In the eyes of God, there are no RESERVED Places

Paul Veliyathil
3 min readMar 5, 2023

Our tendency to confine holiness to humanly constructed places, specific peoples and unique situations is best illustrated by a story from preacher Tony Campolo.

One day, during a passionate sermon about global poverty, he said: Ten thousand children will go to bed hungry tonight, and nobody cares a shit about it.

Some people were so offended by his use of the word shit inside a church.

And they began to walk out of the church during the sermon. Knowing why they were leaving, he asked them:

Are you offended by my use of the word shit or by the fact that ten thousand children will go to bed hungry tonight?

He knew that they were offended because he used a bad word in church.

We should expand our minds to extend the grace of holiness to all places and every situation regardless of how unholy they appear to be by traditional norms.

It is time to break down the barrier between holy and unholy places, the separation between sacred and secular.

Open your eyes to see every inch of this divinely created and God-permeated planet as holy ground.

It is the presence of a Holy God that makes a location holy.

Yes, our world is so breathtakingly beautiful and painfully broken. And God is in both places. Trying to separate the world by marking off large areas as unholy, ungodly, and filled with terrorists, rapists, and murderers is not going to change the world.

When you do that, you are assuming that God is not in those places. We must realize that we cannot contain or control God within our assumptions and algorithms.

It is impossible to make this world a godly place when we take God out of the equation because the entire creation is the body of God.

I wrote before that it is hard to believe that a bar where people are drunk, and profanities are exchanged is holy ground. As a matter of fact, it is exactly in a bar that one of my favorite authors, Barbara Brown Taylor, once found God.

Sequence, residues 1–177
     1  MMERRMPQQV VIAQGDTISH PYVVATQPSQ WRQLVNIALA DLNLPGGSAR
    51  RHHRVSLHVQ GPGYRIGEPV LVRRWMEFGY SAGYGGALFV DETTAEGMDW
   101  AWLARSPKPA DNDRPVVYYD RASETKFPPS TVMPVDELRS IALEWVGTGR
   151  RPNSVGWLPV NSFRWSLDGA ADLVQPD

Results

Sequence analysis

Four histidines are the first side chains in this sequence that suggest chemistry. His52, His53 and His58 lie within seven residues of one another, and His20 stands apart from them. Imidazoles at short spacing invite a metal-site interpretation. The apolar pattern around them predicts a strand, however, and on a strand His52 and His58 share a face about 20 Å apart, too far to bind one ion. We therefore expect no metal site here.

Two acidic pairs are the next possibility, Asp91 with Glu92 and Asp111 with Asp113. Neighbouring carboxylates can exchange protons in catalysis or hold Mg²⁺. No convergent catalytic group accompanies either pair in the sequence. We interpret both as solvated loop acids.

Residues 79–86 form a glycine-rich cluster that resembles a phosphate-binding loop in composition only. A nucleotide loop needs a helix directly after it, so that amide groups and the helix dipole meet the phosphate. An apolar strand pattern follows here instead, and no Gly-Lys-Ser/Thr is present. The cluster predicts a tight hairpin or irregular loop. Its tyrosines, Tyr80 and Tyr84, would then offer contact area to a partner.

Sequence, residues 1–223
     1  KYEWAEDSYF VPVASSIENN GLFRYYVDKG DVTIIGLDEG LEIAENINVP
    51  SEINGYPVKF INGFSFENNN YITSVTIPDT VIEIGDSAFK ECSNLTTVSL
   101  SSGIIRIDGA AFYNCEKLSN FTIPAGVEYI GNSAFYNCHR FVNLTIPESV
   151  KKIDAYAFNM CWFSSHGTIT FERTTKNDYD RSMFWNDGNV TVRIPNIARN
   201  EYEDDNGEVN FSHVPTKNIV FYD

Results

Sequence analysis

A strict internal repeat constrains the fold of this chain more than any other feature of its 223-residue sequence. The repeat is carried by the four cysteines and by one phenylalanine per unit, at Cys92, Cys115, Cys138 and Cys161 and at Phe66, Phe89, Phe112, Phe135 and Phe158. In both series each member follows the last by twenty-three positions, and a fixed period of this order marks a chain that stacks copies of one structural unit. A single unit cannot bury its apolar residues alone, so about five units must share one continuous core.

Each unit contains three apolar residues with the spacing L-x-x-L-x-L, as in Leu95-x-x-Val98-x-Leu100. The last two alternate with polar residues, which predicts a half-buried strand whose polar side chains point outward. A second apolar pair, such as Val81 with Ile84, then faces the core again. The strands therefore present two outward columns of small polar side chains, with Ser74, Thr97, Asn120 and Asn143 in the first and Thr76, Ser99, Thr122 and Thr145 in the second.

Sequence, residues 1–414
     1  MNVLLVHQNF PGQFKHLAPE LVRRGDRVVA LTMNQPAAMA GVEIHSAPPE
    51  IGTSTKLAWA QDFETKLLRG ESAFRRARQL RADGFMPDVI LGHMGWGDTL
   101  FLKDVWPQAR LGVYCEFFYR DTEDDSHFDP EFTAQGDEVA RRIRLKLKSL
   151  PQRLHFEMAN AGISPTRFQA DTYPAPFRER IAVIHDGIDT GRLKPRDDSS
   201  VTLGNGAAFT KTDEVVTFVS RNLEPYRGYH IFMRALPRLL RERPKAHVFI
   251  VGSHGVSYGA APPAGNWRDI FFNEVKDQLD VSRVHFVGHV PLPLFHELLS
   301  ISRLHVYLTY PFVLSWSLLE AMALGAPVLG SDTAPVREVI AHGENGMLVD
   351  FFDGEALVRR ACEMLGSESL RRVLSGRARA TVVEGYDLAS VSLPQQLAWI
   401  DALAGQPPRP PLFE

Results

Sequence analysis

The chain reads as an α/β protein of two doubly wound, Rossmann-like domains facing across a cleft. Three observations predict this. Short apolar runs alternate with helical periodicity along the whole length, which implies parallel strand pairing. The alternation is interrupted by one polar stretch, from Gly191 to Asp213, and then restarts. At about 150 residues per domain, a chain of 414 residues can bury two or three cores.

As an episcopal priest, she has presided over many liturgies using incense. She saw a connection between the incense smoke rising above the altar and the smoke-filled bar where she had waited tables years earlier. She writes about experiencing the mysterium tremendum — the tremendous mystery of God, both at the bar and in the church.

Later, when I stood in front of an altar waving incense, I would remember standing in front of the bar at Dante’s, waving cigarette smoke out of my face, and the exact same feeling of tenderness would wash over me because the people in both places were so much alike…Sometimes I wondered if it even mattered whether our communion cups were filled with consecrated wine or draft beer, as long as we bent over them long enough to recognize each other as kin.

Our notion of holy ground should expand beyond the four walls of a church or a mosque or a temple and extend to all corners of the Earth.

As Al Gore, former Vice-President and environmental activist rightly observed in his book, Earth in Balance:

The simple fact of the living world and our place in it evokes awe, wonder, a sense of mystery — a spiritual response — when one reflects on its deeper meaning. People experience God in every corner of creation.

In the eyes of God, there are no reserved places. The Earth that God created and found to be good, should not be any less good and holy to us.

(from Cosmic Kindergarten: Earthly Lessons for a Heavenly Life)

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Paul Veliyathil

I am a citizen of India by birth, a citizen of the united states by choice and a citizen of the world at heart.